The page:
At sixes and sevens
A state of confusion and disorder, or of disagreement between parties.
The derivation of this phrase is rather difficult to trace, not least because it has changed in both form and meaning over the nine centuries or so that it has been in use. The phrase was originally 'to set on six and seven' and is thought to have derived in the 14th century from the game of dice. The meaning then was 'to carelessly risk one's entire fortune'. The earliest citation in print is Chaucer's Troilus and Criseyde, 1374:
"Lat nat this wrechched wo thyn herte gnawe, But manly set the world on sexe and seuene."
'Six and seven' is probably a corruption of 'cinque and six', French for the numerals five and six. Some may feel that this is a step too far, and the theory does set the folk-etymology antennae twitching. The OED supports the idea though, which will be good enough authority for most people.
If things had stayed that way the origin of the phrase would be fairly cut and dried and there would be little more to say. As we know though, it is now given as 'at sixes and sevens', having mutated via 'at six and seven', and the current meaning refers to a state of confusion, disorder or disagreement, not one of risk.
There's no question of these different versions arising independently; the movement from one to another was gradual and they overlap each other in time. The first appearance in print of 'at six and seven' is in 1535 and the last citation of 'on six and seven' in 1601. The first appearance of 'at sixes and sevens' was in 1670, in Leti's Il cardinalismo di Santa Chiesa, translated or, as the subtitle of the work helpfully notes, 'faithfully Englished' by G. H., 1670:
"They leave things at sixes and sevens."
There are two other stories that contend for the honour of being the source of this phrase (or one of the versions of it at least). One is the biblical text - Job 5:19 (King James Version):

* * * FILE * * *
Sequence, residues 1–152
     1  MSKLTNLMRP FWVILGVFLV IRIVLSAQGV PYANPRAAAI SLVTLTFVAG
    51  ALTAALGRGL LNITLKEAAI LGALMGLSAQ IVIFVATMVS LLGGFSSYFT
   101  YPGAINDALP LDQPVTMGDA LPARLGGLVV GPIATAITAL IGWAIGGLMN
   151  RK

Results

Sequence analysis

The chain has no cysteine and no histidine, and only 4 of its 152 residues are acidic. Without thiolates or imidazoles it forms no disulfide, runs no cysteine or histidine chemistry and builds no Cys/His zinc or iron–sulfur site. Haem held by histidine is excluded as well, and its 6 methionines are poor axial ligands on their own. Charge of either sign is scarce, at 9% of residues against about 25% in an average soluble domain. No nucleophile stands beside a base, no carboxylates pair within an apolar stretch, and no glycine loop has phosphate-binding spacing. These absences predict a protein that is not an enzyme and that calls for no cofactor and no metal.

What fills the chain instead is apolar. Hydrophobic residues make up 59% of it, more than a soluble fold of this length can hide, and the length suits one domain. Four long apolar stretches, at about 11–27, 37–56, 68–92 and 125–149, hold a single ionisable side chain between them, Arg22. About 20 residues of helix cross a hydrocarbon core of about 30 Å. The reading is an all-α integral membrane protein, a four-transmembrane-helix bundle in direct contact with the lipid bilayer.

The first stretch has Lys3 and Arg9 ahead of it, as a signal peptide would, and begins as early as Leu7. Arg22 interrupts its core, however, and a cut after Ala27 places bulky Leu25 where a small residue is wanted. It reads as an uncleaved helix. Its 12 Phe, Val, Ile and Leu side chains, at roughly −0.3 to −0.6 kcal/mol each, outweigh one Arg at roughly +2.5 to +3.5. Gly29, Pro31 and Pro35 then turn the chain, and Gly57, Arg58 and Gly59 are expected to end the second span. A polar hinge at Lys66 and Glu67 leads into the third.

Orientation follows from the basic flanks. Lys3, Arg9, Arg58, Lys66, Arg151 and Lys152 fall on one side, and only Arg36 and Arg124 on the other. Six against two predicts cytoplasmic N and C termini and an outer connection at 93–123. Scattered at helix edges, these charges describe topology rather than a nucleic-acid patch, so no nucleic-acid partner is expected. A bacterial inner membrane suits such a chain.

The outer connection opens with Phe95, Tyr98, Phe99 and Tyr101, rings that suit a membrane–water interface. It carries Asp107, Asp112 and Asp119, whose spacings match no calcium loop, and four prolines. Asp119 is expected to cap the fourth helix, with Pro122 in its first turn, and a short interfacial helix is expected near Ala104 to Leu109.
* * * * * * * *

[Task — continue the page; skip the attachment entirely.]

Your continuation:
"He shall deliver thee in six troubles: yea, in seven there shall no evil touch thee."
Other than being old and including the numbers six and seven, this doesn't seem to make a very strong claim. Chaucer would though have been familiar with earlier versions of this Bible story in Latin.
The other is an appealing tale. The mediaeval Livery Companies that were established in London include The Worshipful Company of Merchant Taylors (Tailors) and The Worshipful Company of Skinners (Fur Traders). The precedence of the companies was set in 1515, but these two companies disputed their positions and a compromise was agreed by which they exchange sixth and seventh place each year, at Easter.
Given that the Chaucer quotation is earlier, the Livery Company story can't be the source of 'set on six and seven'. It is quite possible though that, having the existing phrase, the coincidence of the dispute being between the sixth and seventh places caused the migration in meaning. If that is in fact what happened then it could be argued that this is how the present day phrase originated.